HASTINGS, Mich. (WOOD) — You’ve seen the ads on TV and the signs on the highway. But one Barry County judge has a new warning for those who choose to drink and drive.
“I’ll be the jerk judge if it stops you from drinking and driving,” Mike Schipper told 24 Hour News 8 Friday.
Schipper is already tough on first-time drunk drivers. Now, he’s cracking down on the repeat offenders.
“I’m gonna use 30 days in jail as kind of my baseline,” Schipper said.
That’s for second-offense drunk driving convictions. The warning comes at a time when far too many will get behind the wheel after picking up the bottle.
“Seriously, if we went out here tonight and we stopped every driver in Barry County after midnight, what percentage would have alcohol in their system? ” Schipper asked.
“You would probably be shocked… 50 percent at least,” he continued.
That doesn’t mean all of those drivers would be over the limit. But Schipper said his courtroom docket is always stacked with alcohol-related offenses — and not just on holiday weekends.
“Here, alcohol is by far the biggest drug problem,” “Schipper said. “I don’t think what we are doing is working.”
He hopes that this can help. Schipper added that the sentences can be spread out over 15 weekends.
He said the response has been mixed.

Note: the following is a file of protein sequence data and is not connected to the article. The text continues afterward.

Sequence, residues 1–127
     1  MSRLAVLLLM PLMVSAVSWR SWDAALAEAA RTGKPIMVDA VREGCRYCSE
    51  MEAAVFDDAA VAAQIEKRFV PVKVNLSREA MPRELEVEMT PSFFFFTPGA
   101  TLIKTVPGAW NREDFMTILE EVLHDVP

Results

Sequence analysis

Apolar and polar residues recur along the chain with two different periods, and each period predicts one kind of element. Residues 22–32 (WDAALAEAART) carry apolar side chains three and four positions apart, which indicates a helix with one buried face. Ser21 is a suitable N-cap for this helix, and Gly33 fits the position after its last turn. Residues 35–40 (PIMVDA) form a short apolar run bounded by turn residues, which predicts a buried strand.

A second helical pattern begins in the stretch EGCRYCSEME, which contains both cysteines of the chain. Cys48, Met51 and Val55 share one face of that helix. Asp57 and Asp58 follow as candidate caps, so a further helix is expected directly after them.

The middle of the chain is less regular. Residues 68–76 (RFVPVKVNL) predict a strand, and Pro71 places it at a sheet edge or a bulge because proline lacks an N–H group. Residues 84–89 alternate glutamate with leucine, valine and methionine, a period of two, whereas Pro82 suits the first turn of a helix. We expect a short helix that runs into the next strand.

“I’ve had some out of town attorneys come in and say, ‘Wow, 30 days?’ And I look at that and say ‘Why is that so shocking?’”
But some local defense attorneys — like James Goulooze — are on board with the stricter sentences.
“Maybe some of his ideas I’d do differently, but I can’t argue with what he does,” Goulooze said.
Goulooze feels the problem is with how the state enforces the laws — and what he calls ‘hidden costs’ in the post-conviction fines.
As for increased jail time? He said it could be taken one step further.
“If you imposed a jail sentence on the first time of 6 months, without exception. I think you’d see the end of drunk driving,” Goulooze said.
A 30-day jail sentence for a second drunk driving conviction isn’t unheard of in Michigan. Muskegon County shares that general rule. In Kent County, the average sentence is 10 to 15 days.
Of course, the sentences can vary depending on a number of factors. But Judge Schipper points to other countries — some, which yank driver’s licenses after just one offense and even wonders if his crackdown isn’t tough enough.